Big D has finally beat out Houston with a distinction for which we would rather not prevail. Dallas-Fort Worth was recently identified as the most polluted Texas city in terms of ozone, and the 11th worst in the entire country. Houston on the other hand ranked 15th for bad air.
However, The American Lung Association, which looked at data from 2012-2014 to compile its State of the Air 2016 report, notes, "Compared to the 2015 report, Houston has cut ozone significantly. This is in keeping with a trend seen across the nation of lower ozone pollution levels."
How bad is our air in comparison to other cities? According to the report, Houston-The Woodlands was ranked 15th for high ozone days out of 197 cities studied. The area ranked 63rd for 24-hour particle pollution out of 94 metropolitan areas studied and ranked 16th for annual particle pollution out of 171 metropolitan areas.
The air in Los Angeles is the worst for ozone, and Bakersfield, California, has the highest recorded levels of both particle pollutant types.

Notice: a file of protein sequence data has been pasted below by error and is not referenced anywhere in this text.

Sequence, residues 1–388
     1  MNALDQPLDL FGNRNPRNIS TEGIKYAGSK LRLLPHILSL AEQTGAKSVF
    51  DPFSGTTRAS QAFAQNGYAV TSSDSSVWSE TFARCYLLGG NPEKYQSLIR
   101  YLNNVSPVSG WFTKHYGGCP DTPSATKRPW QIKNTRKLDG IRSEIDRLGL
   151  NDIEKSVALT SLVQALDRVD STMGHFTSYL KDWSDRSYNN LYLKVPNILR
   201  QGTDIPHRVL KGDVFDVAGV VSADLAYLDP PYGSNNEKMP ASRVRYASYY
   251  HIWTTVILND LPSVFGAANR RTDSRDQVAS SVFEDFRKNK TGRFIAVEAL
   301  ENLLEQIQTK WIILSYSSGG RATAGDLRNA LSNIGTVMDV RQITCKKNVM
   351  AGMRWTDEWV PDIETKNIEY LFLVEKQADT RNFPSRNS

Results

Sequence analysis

You can breath deeply in Burlington, Vermont; Elmira-Corning, New York; Honolulu, Hawaii; and Salinas, California, which are ranked as the cleanest, without a single day of unhealthy ozone levels.
The ALA does note, however, that ozone and particle pollution levels have improved overall from last year. Cleaner power plants and increased use of cleaner vehicles and engines have helped greatly, but "a changing climate is making it harder to protect human health."
This comes right after the news that Texas definitely didn't make the cut on WalletHub's list of greenest states.